"Do you have any idea how many of these guys belong in here as individuals?" Izenberg remembered Doby saying.
In 1943, Doby recorded another first -- he became the first black to play in the American Basketball League, a forerunner of the NBA, as a member of the Paterson (N.J.) Panthers.
Doby was born in Camden, S.C., the son of a semipro baseball player who died when Doby was 8. He moved with his family to Paterson in his teens.
In 1942, at 17, he joined the Eagles, playing under the name of Larry Walker to protect his amateur status -- and playing his first pro game at Yankee Stadium.
He attracted the interest of Cleveland, where he was a teammate of Paige, by hitting .414 with 14 homers in his final season in Newark. Both totals were tops in the Negro National League.
Also that year, he led the Eagles to the Negro World Series championship. His Newark career was interrupted by two years in the Navy.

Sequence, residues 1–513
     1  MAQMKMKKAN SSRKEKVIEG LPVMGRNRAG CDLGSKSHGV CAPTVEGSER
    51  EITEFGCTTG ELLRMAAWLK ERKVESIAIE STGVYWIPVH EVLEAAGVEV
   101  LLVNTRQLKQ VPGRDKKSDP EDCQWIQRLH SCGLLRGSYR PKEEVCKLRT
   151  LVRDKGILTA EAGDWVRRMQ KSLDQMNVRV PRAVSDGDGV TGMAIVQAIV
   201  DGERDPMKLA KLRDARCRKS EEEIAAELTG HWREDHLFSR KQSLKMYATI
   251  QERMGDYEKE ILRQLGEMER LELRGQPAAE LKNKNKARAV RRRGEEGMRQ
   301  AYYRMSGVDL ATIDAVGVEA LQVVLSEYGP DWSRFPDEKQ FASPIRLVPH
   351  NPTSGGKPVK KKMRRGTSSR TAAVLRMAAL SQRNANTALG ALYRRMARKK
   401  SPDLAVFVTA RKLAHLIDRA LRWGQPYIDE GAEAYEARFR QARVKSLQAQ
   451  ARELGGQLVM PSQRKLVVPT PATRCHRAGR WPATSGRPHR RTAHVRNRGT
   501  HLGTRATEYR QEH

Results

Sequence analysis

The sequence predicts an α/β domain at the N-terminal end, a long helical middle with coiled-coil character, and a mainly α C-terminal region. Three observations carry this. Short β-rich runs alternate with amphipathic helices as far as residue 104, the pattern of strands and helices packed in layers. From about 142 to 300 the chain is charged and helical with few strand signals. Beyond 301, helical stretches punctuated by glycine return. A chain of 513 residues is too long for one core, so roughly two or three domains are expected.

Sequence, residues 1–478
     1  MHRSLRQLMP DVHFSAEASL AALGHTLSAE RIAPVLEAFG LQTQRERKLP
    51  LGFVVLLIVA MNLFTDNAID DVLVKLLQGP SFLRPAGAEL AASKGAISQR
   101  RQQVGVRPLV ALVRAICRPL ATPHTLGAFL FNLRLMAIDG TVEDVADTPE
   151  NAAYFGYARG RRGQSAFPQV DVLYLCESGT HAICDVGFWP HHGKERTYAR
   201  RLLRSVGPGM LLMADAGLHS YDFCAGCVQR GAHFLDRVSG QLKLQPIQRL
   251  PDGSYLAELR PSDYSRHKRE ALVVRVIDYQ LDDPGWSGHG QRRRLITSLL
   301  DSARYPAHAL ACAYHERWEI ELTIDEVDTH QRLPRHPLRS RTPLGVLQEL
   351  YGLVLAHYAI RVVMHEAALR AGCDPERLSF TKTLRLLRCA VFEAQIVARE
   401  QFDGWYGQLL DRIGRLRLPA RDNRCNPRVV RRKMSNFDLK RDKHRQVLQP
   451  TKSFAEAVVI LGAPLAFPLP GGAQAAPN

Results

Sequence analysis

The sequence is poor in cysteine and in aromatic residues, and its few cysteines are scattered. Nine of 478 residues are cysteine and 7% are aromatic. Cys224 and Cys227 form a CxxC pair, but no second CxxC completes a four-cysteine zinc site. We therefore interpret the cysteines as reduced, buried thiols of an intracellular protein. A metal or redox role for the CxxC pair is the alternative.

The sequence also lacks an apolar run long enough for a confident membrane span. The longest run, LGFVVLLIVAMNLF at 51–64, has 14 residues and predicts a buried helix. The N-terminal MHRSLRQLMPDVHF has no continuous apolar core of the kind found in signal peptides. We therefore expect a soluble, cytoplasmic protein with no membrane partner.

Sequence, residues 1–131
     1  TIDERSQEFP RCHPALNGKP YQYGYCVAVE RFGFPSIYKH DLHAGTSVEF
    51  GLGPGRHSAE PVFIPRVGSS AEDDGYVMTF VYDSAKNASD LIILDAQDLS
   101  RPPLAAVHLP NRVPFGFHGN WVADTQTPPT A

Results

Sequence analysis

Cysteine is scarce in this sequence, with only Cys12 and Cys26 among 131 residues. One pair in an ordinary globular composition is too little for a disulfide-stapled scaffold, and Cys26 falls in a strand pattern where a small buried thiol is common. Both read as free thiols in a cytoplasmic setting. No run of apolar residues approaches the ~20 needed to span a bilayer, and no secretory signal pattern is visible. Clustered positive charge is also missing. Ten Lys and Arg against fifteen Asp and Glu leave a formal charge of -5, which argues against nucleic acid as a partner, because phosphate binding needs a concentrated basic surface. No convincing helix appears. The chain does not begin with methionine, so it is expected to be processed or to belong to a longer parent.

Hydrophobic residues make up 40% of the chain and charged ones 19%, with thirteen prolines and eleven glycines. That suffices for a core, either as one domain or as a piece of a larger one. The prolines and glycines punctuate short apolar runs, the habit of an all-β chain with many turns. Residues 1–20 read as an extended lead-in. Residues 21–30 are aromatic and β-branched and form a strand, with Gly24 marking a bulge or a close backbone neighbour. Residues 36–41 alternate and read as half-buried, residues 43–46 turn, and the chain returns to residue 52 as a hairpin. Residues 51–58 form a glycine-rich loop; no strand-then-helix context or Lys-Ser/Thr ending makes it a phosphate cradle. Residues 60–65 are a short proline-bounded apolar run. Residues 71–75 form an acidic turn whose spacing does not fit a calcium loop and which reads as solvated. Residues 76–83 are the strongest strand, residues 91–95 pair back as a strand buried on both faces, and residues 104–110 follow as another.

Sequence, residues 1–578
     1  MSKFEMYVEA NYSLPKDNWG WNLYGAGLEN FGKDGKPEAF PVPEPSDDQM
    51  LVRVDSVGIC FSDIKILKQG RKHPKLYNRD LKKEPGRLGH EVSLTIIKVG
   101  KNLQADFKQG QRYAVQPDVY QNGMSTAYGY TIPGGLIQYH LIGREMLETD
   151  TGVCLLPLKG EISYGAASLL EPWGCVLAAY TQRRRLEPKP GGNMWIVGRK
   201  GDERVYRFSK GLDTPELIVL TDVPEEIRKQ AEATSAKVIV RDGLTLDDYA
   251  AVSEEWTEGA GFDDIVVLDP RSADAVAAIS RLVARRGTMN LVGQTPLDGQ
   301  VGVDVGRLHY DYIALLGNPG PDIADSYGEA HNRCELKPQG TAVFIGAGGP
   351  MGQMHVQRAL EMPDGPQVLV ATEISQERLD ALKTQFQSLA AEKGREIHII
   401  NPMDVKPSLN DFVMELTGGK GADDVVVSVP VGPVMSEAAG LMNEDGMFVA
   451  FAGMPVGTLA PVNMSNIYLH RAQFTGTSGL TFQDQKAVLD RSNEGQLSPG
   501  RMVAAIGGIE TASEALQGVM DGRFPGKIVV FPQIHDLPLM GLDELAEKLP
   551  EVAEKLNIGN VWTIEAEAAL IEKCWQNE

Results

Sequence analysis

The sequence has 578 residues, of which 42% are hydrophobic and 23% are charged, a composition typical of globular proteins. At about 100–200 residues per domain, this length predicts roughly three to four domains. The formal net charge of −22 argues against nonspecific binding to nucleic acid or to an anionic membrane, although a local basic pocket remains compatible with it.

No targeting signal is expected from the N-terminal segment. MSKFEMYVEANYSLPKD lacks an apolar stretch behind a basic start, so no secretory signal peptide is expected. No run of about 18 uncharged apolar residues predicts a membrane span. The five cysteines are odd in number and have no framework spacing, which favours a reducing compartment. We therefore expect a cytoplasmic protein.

Doby ended his major league career in 1959 with the Detroit Tigers and White Sox.
With the 1978 White Sox, he became only the second black to manage a major league team, following Frank Robinson.
His post-playing days also included coaching and front-office stints with the White Sox, Indians and Montreal Expos.
Doby capped his baseball career by working in the commissioner's office in New York.
Doby also worked in the late '70s as director of community relations of the NBA's New Jersey Nets and got involved in a number of inner-city youth programs.
Doby, of Paterson, and his wife, Helyn, had five children. She died of cancer in 2001.
Years after his career, Doby recalled the day Veeck signed him.
"'Lawrence,' -- he's the only person who called me Lawrence -- 'you are going to be part of history,'" Doby said Veeck told him. "Part of history? I had no notions about that. I just wanted to play baseball."
(Copyright 2003 by The Associated Press. All Rights Reserved.)